Having settled into his new job, Reid is now trying to settle into his new home. "I am fortunate that the university provides a small, furnished apartment that allows me to walk to work every day. However, as I am either on campus, in class or at home, I find I am spending a lot of time working in my apartment in the evenings and have not found the furniture and layout particularly conducive to my work needs."

Part of the problem is that the scale of the furniture is wrong for the space. There is also far too much of it, he says. The result is both cluttered and generic, so Reid has decided to completely refurnish the apartment using products that are available locally. Still a work in progress, he will write about the process in a series of articles for this newspaper, starting next month.

"It occurred to me that it might prove helpful to a lot of people if I could document how a professional designer goes through this process in his own home, finds resources and takes on a few do-it-yourself projects to personalise his space, and all within a reasonable budget. I think many people believe it is too costly or difficult and not worth the effort, particularly if they only plan on being here a short while, but it doesn't have to be," he says.

The transience of the UAE often makes people reluctant to personalise their rented properties. But why live in someone else's environment, Reid rightly asks, when you can easily make it your own? It can be as simple as spending Dh200 on a couple of new light fittings, or painting a wall a different colour.

Fear shouldn't prevent people from experimenting, Reid insists. "People shouldn't be afraid to be inspired by something and then make it their own. Take furniture, for example. People are afraid to make a commitment to something because they are afraid that they aren't picking the right item. They are afraid that if they have dark wood in a room then they can't put any light wood in. But that isn't necessarily the case. It just depends how you approach it. People are also afraid of mixing, so they see a set and think that they need to have the entire thing. They don't understand that if they see a chair and they love the chair, they can just get that."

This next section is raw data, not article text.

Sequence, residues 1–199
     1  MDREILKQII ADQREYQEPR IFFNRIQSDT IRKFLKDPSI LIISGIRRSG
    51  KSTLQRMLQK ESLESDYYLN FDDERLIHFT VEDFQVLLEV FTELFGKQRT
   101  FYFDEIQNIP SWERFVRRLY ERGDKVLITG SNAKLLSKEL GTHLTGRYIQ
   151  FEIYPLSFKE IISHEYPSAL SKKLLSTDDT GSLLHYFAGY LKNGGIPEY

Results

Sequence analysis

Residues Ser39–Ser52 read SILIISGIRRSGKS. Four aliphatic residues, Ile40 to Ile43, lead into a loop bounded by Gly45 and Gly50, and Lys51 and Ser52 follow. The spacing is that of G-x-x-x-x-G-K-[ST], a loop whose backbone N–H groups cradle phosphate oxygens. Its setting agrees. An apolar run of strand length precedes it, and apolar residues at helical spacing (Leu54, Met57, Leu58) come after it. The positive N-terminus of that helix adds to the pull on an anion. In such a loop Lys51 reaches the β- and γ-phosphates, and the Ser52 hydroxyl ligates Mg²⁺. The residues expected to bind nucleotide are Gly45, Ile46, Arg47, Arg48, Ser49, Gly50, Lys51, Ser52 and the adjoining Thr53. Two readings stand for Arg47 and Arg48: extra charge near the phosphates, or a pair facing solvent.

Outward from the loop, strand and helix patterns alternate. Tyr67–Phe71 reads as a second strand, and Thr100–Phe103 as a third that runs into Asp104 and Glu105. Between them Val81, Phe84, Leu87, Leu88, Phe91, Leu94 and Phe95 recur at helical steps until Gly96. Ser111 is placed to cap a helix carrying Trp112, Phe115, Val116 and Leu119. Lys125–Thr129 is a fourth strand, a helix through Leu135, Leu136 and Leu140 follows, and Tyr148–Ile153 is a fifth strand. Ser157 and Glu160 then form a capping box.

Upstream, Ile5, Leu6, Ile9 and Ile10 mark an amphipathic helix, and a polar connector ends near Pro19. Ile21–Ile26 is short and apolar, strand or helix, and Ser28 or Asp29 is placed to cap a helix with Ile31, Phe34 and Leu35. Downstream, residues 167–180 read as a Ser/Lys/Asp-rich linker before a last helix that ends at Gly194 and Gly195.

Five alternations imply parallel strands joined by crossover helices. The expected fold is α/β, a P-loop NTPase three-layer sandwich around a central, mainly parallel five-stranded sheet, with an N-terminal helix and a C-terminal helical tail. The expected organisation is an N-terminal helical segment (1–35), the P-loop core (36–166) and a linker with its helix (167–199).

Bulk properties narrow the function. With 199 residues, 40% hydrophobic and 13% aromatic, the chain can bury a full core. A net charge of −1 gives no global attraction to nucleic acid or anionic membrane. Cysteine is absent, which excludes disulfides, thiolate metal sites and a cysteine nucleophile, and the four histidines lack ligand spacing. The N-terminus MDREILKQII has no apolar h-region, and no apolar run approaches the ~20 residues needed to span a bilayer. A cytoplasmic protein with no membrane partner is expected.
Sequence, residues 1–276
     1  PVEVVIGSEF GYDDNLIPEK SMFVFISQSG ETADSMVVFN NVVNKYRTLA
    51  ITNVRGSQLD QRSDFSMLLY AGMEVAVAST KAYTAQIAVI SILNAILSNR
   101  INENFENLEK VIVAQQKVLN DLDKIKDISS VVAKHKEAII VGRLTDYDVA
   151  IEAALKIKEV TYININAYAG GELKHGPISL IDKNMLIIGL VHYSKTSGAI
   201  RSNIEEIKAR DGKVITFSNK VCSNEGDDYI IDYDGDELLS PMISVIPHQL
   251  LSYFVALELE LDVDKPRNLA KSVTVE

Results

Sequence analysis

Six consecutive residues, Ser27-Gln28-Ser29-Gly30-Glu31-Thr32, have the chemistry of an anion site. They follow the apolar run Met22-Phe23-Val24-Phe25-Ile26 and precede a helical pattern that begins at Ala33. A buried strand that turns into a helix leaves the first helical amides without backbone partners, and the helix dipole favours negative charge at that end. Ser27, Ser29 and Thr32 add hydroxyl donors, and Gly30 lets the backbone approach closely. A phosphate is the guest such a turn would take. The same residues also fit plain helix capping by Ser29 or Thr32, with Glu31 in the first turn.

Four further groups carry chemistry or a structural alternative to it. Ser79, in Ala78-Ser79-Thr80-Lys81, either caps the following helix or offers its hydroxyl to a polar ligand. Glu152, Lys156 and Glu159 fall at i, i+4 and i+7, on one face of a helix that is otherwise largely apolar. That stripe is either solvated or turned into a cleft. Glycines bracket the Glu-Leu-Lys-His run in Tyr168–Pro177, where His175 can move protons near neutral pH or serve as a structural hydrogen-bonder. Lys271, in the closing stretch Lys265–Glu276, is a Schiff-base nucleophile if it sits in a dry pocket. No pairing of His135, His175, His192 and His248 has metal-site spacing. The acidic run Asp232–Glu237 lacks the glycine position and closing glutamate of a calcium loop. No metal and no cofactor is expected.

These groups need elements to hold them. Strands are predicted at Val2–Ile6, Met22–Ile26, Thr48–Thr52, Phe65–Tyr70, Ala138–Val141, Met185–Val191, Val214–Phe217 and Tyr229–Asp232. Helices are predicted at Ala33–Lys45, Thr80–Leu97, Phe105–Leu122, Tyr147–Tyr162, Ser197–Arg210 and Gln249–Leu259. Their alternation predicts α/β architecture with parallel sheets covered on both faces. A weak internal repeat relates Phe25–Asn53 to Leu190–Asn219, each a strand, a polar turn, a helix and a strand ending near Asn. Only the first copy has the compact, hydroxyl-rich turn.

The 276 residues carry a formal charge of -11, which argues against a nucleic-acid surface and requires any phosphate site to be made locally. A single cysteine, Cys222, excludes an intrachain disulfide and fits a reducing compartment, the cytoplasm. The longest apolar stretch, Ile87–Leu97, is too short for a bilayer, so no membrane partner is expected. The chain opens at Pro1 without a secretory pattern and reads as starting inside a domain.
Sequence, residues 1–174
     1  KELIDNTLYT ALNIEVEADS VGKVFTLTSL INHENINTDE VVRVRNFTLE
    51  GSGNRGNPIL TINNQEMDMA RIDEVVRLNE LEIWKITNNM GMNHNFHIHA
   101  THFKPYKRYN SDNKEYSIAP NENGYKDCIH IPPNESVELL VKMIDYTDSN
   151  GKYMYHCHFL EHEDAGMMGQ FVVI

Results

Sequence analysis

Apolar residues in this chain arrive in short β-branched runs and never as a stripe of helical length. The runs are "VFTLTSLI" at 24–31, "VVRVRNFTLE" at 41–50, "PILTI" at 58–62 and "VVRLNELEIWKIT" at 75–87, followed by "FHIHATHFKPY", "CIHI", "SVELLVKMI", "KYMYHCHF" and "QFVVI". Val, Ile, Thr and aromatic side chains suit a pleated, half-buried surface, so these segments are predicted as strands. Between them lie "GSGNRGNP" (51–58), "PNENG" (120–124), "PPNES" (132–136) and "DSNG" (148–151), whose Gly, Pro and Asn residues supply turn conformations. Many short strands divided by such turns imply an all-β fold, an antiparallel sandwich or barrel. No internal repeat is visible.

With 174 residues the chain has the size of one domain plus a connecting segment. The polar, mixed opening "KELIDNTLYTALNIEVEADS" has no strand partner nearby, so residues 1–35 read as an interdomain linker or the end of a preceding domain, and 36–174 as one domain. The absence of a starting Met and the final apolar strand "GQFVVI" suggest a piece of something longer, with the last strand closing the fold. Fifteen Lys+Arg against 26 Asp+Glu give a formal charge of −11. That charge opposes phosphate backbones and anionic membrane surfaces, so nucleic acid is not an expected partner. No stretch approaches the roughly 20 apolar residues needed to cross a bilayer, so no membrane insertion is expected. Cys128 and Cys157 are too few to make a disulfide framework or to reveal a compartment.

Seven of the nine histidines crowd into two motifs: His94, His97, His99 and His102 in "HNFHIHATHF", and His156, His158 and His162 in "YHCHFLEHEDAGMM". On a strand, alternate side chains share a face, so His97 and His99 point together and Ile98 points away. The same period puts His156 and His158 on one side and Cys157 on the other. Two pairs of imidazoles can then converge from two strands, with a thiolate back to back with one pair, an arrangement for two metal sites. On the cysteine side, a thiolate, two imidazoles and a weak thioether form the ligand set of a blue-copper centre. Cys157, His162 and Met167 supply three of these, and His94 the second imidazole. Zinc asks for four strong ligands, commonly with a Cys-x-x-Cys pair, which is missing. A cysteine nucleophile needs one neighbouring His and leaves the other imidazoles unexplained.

For his apartment, Reid flirted with two very different design styles. The first was "1950s Mad Men", with oversized sectionals and low-slung furniture. The second was a "1930s New York or Paris apartment".

"It's interesting that with the same interior environment, you could have two completely different aesthetics. I wanted something different from anywhere else I've lived. I didn't just want to translate something that I'd use in Canada. I wanted to have something more international because of where we are.

"I wanted a contextual relationship, but not to the extent that I am trying to create an Emirati house. Or I am not going and buying Asian furniture because they happen to sell it here. Because to me, even that is a cop-out. People are buying things because they are locally available and they think that it is regional but it's not."

One thing is for certain. When it comes to his apartment, Reid definitely won't be "arbitrarily picking stuff". There will be a plan, a process and a methodology. That's just his way.

 

Robert Reid's design tips

Have a vision
Picture what you want to achieve.

Make a plan
You do not want to make arbitrary decisions as you go along.

Look at magazines
Spend a few hundred dirhams on design magazines. Look through them to get a feel for what you like. Mark off pages so you can refer back to them.

Colour
Don't be afraid to use it.

Mix and match
Just because something comes in a set, it doesn't mean you need every piece. If you like the chair, just buy the chair.

Shun convention
You don't have to subscribe to the traditional formulae. Not all bedrooms need a king-size bed flanked by two bedside tables with two lamps and a matching cabinet. Use the combination that works for you and that works for the space.